Tuesday, January 03, 2006

now with resolve

Okay, hangovers are subsiding with each sip of herbal tea, right? Happy New Year, and welcome to 2006. I hope your celebration was a good one. As for me, I enjoyed good company and a comfortable couch in one of my favorite towns and got drunk while watching VH1's "I love the eighties." It was just what I needed.

But I got to thinking, maybe a New Year's resolution is in order. When I first became vegan, I was helped along by cookzines like Soy Not Oi! and Ahimsa (Spectacle 3.5), and I am still very grateful for both of them even if I no longer use them. To that end, please receive my promise that, in 2006, the Surly Vegan will contain many more recipes than previously. It seems that there are some in our audience who are trying to do their best to reconcile their diet to their ethics, and maybe some dinner ideas will help out in that difficult task. Maybe not, but at least you'll eat well.

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(adapted from Edward Espe Brown's bizarro Tomato Blessings and Radish Teachings, a cookbook I've had for a long time but never had occasion to use until now)

3 1/2 cups soy milk
4 tablespoons Earth Balance Buttery Sticks
4 tablespoons flour
salt and black pepper

Start the soy milk heating. Melt the buttery sticks in a saucepan, and stir in the flour to make a "roux" (this is the first thing I was ever taught to do in the kitchen, by the way). Cook for several minutes over moderate heat, taking care not to let the flour brown. Remove from the heat and wait for the roux to stop bubbling, then pour in the hot soy milk and stir with a wire whisk.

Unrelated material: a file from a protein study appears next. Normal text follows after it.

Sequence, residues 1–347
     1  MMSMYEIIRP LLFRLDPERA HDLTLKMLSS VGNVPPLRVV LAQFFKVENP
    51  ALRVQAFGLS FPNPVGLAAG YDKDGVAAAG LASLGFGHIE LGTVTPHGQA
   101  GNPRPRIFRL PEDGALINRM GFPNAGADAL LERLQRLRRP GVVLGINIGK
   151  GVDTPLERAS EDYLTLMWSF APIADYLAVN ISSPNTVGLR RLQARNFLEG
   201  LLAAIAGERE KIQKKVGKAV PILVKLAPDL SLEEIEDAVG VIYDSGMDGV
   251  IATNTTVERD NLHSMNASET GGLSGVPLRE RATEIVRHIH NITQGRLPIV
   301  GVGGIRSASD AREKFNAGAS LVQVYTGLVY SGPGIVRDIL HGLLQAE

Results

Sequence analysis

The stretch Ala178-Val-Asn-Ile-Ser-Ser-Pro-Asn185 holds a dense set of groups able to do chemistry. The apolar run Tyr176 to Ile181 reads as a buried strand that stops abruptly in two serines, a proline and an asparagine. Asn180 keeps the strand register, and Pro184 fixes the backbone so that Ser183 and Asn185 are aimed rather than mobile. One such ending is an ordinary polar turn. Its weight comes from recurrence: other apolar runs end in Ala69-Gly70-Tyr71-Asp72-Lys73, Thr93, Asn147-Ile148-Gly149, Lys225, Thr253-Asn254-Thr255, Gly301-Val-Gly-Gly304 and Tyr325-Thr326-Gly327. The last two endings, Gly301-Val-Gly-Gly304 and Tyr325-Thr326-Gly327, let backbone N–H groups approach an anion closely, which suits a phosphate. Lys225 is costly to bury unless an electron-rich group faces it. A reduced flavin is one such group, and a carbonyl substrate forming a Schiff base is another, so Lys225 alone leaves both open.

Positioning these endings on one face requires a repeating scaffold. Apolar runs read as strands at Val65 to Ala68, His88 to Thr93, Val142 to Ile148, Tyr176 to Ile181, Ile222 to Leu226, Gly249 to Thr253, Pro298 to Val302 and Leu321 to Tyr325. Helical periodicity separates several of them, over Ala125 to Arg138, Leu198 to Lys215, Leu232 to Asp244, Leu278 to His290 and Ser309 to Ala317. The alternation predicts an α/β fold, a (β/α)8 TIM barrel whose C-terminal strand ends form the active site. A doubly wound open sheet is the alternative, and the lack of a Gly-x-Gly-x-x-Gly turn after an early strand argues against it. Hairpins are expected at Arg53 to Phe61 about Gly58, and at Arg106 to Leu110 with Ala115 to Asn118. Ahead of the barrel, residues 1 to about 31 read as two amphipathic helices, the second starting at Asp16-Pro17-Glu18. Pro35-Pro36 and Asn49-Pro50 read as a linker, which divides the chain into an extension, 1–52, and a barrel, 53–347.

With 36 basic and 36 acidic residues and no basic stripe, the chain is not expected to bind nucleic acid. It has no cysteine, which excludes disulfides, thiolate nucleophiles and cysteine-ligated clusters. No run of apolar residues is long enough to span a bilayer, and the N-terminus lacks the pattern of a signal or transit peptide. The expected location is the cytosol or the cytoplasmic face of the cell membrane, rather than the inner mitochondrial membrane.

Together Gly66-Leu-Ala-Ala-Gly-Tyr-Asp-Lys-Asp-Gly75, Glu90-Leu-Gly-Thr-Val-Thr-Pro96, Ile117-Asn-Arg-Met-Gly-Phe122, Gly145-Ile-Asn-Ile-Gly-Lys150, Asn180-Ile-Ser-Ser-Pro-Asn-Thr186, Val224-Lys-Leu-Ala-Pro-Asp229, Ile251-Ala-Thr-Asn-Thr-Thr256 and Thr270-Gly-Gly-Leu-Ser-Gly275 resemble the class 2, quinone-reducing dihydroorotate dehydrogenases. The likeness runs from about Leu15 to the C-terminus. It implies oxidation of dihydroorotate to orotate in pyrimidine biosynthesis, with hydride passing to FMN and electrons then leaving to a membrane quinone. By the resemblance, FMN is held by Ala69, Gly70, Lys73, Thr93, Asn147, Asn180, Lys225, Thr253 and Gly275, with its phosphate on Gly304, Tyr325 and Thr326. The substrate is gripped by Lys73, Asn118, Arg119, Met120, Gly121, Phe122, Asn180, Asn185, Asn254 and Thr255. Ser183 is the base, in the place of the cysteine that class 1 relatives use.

Return to the heat and cook, stirring, until the sauce thickens. Season with salt and pepper, and a few scrapings (or the tiniest dash ever) of nutmeg, without adding so much that all you can taste is nutmeg. A tiny amount of nutmeg will bring up the flavors of the sauce. Remove from heat.

Notes: I was thinking that maybe this would be best with an unsweetened soy milk; these can often be found at asian supermarkets. The soy milk I used was Soy Dream, and seemed a bit sweet. I was also thinking that some roasted garlic might be a nice addition along with the salt and pepper and nutmeg, and might do well to mask the sweetness. Let's face it, if you've got soy milk around, you're not going to make a special trip just for this recipe.

How I used the sauce: Gardenburger makes those great fake chicken patties. I fried two of them up in some olive oil along with a very small amount of sesame oil. I then cut them into one-inch chunks and set them aside. Reusing their oil, I sauteed some snap peas (which I de-stringed for once) and some Cascadian Farms Thai syle stir fry vegetables. As this was going on I was also cooking some spaghetti noodles, and I bet you know where this is going. I put the "chicken" and the veggies together on top of the noodles and topped the whole thing off with the white sauce. Kind of a strange little recipe, I know, but I thought it was great.


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